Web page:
TABLE III______________________________________Liquid Laundry DetergentsComponent % by Weight in FormulationFormula No: 1 2 3 4 5 6______________________________________ActivesSodium C11 -C15 8 17 10 7AlkylbenazeneSulfonateAlcohol Ethoxy 12 6 1SulfateaAlcohol Ethoxylateb 8 7 8 16 8 4Alkylpolyglycosidec 16 15BuildersTrisodium Citrate 0-15 0-15 0-10 0-20 10 10Soap 0-10 0-15 5 4Carboxymethyloxy- 10 0-20succinate, trisodiumOxydisuccinate, 6tetrasodiumMA/AA/Hydrophobe 5-15 2-20 2-15 1-10 5 2-15terpolymersfBuffersMonoethanolamine 1 2 2 0-4 2Triethanolamine 2 4 4Sodium Carbonate 1EnzymesProtease (Savinase, 1 -- 1 0.5 1 0.75Alcalase, etc.)Amylase (Termamyl) 0.5 -- -- 0.5 1 0.5Lipase (Lipolase) 1 -- -- 0.5 1 1 Enzyme StabilizersBorax Pentahydrate 3.5 4 4Glycerol 4 6 5Propylene Glycol 10 10 2 5Formic Acid 1 1 1Calcium Chloride 1 1 1 1 1Softeners & AntistatsQuaternary Amines 2(Arquad 2HT)Ethoxylated Amined 1 2 1Alkyldimesthyl Amine 1.5OxideeCompatibilizingAgentsNa Xylene Sulfonates 3 6 3 2 3Ethanol 10 2 8 3 3Fluorescers 0.25 0.2 0.25 0.25 0.2 0.15Tinopal UNPAPerfume 0.2 0.15 0.1-0.3 0.2 0.25 0.1-0.25Water To Balance______________________________________ a Sulfated Alfonic ® 141260 (12-14 C alcohol ethoxylate, containing 60% ethylene oxide by weight, sodium salt.) b Alfonic ® 141270 (12-14 C alcohol) ethoxylate. c APG 300 (obtained from Horizon Chemical). d Varonic ® U202 (obtained from Sherex Corporation). e Ammonyx MO (obtained from Stepan Chemical). f See, e.g., Example 1 for preparation and description of terpolymers.
This example demonstrates the compatibility and stability of the terpolymers in liquid detergent formulations, and terpolymer stability upon storage.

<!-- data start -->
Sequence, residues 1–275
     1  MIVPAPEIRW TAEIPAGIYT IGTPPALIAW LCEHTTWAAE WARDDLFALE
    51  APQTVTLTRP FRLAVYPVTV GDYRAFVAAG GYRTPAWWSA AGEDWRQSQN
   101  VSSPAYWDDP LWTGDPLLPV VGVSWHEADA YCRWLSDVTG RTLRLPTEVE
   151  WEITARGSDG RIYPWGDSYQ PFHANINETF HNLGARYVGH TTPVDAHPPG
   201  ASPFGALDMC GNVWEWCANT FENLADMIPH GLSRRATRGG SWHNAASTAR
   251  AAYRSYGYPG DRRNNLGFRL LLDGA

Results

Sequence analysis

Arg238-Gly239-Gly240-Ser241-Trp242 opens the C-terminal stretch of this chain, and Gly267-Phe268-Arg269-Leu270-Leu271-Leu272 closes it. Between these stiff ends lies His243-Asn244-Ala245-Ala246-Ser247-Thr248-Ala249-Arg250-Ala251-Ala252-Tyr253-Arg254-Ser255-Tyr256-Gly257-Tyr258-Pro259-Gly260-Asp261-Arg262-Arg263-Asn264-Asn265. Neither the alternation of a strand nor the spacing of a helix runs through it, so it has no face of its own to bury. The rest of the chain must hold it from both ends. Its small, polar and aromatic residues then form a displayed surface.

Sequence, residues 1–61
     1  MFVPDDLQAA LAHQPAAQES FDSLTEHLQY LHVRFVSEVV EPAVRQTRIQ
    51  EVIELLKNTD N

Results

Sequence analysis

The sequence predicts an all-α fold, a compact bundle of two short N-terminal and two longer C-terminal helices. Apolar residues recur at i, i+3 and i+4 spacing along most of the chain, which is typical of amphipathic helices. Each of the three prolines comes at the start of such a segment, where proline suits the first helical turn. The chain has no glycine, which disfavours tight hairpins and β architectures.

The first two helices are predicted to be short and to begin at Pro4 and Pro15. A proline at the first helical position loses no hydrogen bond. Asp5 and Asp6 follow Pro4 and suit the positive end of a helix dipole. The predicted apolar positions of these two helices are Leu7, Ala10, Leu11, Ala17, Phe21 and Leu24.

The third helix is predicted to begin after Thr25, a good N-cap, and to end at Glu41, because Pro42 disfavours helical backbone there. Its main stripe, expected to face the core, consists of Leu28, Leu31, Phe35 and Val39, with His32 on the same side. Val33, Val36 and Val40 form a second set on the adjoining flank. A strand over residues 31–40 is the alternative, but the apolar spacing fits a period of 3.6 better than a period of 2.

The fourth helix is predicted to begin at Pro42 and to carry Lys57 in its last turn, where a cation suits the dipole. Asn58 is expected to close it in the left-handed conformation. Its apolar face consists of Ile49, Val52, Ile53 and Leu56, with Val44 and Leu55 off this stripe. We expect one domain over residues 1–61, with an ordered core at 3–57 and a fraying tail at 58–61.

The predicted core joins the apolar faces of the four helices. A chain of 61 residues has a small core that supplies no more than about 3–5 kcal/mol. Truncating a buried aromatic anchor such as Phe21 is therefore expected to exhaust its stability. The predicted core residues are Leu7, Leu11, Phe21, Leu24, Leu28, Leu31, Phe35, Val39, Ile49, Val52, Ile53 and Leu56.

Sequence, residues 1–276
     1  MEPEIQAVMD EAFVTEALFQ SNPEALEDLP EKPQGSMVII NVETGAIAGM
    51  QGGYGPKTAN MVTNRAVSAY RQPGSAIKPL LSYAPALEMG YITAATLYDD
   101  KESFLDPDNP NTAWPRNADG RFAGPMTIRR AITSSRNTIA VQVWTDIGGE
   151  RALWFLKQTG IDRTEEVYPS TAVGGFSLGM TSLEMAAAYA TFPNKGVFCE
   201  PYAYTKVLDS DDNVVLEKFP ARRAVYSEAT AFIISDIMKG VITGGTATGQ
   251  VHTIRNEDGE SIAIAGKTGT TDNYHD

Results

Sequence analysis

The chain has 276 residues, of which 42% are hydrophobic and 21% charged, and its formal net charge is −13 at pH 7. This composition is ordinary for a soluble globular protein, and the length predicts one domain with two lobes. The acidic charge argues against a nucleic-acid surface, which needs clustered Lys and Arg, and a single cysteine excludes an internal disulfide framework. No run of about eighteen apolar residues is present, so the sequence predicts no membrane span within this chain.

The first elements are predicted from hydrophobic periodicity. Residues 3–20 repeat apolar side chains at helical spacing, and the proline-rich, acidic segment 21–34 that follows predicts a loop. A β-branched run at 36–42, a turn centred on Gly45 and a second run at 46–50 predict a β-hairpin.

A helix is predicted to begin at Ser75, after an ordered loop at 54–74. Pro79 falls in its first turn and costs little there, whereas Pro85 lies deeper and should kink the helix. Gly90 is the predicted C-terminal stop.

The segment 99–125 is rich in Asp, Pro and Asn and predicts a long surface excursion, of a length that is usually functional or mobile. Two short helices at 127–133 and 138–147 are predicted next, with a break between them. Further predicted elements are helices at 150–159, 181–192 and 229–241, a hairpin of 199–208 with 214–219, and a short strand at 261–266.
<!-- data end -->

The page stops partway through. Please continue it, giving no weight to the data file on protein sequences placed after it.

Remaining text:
The compatibility and stability of the terpolymers listed in Table I, above, were evaluated in liquid detergent formulation "2" of Example 3. The formulations were blended and the compatibility was determined by visual observation, initially and after storage. Builders which were not compatible became hazy, precipitated or separated into different phases. Compatible builders remained in a clear, dispersed state. Unstable builders lost compatibility upon storage. The results of compatibility tests are shown in Table IV.
The results show that the terpolymers are compatible and stable in a typical liquid detergent formulation.
TABLE IV______________________________________Liquid Detergent Compatibilityc % in ObservationsBuilderb Formulationa Initial 30 daysd______________________________________Terpolymer 4 phased --A (5% lauryl) 8 phased --Terpolymer 4 clear stableeB (10% lauryl) 8 clear, very -- viscous (solid)Terpolymer 4 clear stableeC (15% lauryl) 8 clear --Terpolymer 4 phased --D (5% stearyl) 8 phased --Terpolymer 4 clear stableeE (10% stearyl) 8 -- --Terpolymer 4 phased --Terpolymer 4 phased --Terpolymer 4 hazy stableeF (15% stearyl) 8 phased --______________________________________ a Detergent formulation No. "2" of Example 3. b Terpolymers were prepared by method of Example 1 and are described in Table I. c Compatibility was measured at pH = 8.0. d Detergents were stored at 50° C. for 30 days. 3 Samples also were subjected to 3 freezethaw cycles. Some separatio was observed after the second cycle, but terpolymers were easily returned to a clear solution and did not separate again.
To measure the stability of the ester moieties, aqueous solutions of the terpolymers were adjusted for pH by the addition of a base and stored at 50° C. for 30 days. At the end of the 30 day test period, the pH of the solution was rechecked. The solution was analyzed for alcohol hydrolysis fragments resulting from possible hydrolysis of the ester moieties. The results indicate that even at pH 11-12 and 50° C. for 30 days, a maximum of 4% of the ester groups were hydrolyzed. See Table V for results.